Another large difference between Boston and SF is that there are still an incredible abundance of private butchers, fish mongers, produce hawkers, and cheese shops. Unike in Boston where you have to get it all at either Bread and Circus or Star. Boston seems to still revel in private bakeries, but unless you are in the North End, you can't find a butcher or fish monger to save your life.
The key to SF food is the freshness. Knowing the seasons, what is best, what is not, what restaurants can do with the variety available to them.
Make sure you take in some taqueria's, some take out dim sum (i recommend Good Luck Dim Sum at 10th and Clement)
Make sure you stroll down Clement street and check out the scene, it blows the boston China Town away. I will say this, the chinese food here is TOTALLY different from the chinese food in Boston. you will be surprised and hard pressed to find what you are used to. (don't let that discourage you, though)
SF is without a doubt a food mecca. There are places that can not be missed. Clement Street, Berkeley Bowl, The Mission, The farmer's markets. Soak them all in, enjoy! Have a fantastic trip and trust me, with a limited budget, you will still eat fantastically well.
To with the long list of excellent ideas I would add:
Ti Couz--16th between Valencia and Guerrero. Most things are delicious here, but I'm partial to the mushroom crepe+cheese, the tomato w/or w/o cheese, the onion soup is really good, the seafood salad makes a great lighter but still filling lunch or dinner, but do save room to have a dessert crepe-- the nutella is yummy, and for a bit of a splurge, the belle helene (pear, chocolate, vanilla ice cream and chantilly) hits all the right places.
Emmy's Spaghetti Shack---on Virginia, just up the hill off of Mission Street;Virginia is just after 29th--heading out of the Mission. I've had some great food there. Funky atmosphere, fresh ingredients, good often quirky wine list. Dessert has been on the weak side, but I've been happy with everything else.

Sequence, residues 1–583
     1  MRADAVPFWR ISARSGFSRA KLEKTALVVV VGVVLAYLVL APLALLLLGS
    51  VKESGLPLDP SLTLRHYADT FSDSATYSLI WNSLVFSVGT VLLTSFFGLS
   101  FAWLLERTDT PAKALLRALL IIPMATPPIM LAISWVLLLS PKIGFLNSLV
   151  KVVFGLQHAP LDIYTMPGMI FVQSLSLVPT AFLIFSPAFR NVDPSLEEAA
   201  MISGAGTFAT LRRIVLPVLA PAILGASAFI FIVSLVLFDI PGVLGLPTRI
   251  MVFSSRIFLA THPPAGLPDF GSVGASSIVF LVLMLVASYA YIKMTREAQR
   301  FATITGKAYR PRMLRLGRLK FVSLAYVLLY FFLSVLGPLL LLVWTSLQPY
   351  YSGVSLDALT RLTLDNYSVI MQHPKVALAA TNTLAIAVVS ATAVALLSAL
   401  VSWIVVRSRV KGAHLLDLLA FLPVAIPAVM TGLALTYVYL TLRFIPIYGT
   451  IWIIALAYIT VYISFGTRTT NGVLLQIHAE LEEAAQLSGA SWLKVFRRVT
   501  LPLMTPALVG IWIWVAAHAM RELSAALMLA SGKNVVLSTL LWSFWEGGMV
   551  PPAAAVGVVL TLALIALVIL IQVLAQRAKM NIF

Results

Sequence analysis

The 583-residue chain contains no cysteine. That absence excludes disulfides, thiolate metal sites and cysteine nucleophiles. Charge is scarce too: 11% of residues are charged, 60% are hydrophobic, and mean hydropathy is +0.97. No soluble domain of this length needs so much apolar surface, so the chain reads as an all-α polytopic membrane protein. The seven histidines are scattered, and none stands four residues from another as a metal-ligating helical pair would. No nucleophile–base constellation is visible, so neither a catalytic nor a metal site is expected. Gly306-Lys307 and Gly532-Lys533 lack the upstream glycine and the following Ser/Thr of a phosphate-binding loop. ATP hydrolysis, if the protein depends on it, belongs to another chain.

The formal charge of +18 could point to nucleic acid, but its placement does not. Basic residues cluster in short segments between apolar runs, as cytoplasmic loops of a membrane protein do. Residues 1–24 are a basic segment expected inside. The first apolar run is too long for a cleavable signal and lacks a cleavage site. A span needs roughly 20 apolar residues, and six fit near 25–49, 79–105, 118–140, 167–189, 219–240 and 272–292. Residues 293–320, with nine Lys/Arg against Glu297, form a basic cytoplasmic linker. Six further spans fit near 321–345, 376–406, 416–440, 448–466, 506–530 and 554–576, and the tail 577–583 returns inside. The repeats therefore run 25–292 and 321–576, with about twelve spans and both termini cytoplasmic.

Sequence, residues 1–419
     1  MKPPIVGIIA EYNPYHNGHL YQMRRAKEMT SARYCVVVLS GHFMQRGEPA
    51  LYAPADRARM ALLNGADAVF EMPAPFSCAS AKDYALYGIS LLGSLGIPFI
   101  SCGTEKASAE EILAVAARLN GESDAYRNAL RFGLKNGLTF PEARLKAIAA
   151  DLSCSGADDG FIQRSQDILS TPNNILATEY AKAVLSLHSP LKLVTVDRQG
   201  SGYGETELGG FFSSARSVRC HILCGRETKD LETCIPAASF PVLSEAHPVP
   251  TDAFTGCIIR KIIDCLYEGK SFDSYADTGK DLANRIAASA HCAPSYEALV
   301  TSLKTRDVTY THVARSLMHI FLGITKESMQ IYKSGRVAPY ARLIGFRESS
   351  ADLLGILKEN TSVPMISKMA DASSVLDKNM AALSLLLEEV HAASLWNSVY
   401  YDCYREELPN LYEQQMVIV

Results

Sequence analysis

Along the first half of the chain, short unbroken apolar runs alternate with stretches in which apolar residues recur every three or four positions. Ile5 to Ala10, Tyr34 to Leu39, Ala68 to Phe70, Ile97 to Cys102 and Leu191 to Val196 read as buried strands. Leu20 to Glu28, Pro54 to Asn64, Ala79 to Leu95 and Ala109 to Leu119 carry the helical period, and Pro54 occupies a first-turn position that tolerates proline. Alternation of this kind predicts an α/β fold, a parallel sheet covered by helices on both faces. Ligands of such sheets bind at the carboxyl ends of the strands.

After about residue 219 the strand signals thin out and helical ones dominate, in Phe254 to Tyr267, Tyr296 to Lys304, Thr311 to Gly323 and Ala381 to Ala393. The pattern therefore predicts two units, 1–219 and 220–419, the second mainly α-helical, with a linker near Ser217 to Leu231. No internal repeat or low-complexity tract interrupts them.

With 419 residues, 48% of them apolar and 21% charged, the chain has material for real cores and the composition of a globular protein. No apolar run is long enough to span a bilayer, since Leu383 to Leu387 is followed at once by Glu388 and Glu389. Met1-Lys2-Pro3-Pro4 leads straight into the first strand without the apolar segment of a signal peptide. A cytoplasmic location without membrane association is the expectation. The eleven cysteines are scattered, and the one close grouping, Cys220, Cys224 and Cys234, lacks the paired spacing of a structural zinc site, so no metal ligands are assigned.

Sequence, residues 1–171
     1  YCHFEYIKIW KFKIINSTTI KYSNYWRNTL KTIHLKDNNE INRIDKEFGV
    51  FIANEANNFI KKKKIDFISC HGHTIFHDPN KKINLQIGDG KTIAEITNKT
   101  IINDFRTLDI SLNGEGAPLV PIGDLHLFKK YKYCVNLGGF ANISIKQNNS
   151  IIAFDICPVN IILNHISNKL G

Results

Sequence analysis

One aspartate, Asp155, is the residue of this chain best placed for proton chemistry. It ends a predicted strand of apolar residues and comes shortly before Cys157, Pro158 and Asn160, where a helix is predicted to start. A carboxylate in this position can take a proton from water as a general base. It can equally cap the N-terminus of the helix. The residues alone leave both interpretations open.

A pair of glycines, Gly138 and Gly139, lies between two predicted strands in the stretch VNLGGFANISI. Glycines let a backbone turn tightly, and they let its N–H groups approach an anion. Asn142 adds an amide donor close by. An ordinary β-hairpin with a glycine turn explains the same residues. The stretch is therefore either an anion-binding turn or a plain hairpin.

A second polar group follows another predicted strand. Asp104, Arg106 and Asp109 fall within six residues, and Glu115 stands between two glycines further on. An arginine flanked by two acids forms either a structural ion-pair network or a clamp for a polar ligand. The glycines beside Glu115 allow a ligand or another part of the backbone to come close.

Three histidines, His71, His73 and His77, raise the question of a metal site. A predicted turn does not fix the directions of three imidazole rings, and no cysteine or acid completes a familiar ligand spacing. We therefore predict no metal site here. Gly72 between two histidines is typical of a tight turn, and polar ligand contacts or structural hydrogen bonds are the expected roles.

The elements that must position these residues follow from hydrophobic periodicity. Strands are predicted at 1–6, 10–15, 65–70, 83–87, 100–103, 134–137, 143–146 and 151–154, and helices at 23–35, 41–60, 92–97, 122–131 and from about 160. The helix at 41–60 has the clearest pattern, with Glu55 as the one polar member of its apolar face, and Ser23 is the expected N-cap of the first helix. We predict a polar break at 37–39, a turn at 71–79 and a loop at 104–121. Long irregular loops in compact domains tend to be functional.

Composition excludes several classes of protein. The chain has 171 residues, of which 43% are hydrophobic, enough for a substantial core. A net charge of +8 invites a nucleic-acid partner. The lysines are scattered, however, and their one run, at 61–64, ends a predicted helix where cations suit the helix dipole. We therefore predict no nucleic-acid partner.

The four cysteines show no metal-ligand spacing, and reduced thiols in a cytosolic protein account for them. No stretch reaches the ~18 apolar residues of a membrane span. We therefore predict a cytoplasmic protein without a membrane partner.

Have a great time!
Here's a link to the SF Wholesale Produce Market on 2095 Jerrold Ave. You might also enjoy walking the Alemany Farmer's Market - 100 Alemany Blvd. - the city's oldest farmer's market. This market is definitely more affordable than the Ferry Plaza one and attracts more families and working class folks. They're both interesting in their own ways.
check out my bit about Chela's in Redwood City Listed just below your post. I'm a changed man for having gone.
Though, I've done this recently in another post, I will again recommend Mom is Cooking in the Excelsior district on Geneva. It's got a huge number of selections on the menu and I've never had a bad meal there. It's divey but clean, and it's got astroturf in odd places, but you go there for a big, filling, tasty mexican meal and I'm sure you'll be happy. I can't recommend the nopales enough, and also the carnitas taco is great.
In the Guardian, there's a column called Cheap Eats. You might want to see if anything in his past columns strikes your fancy. Here's a link for this week's: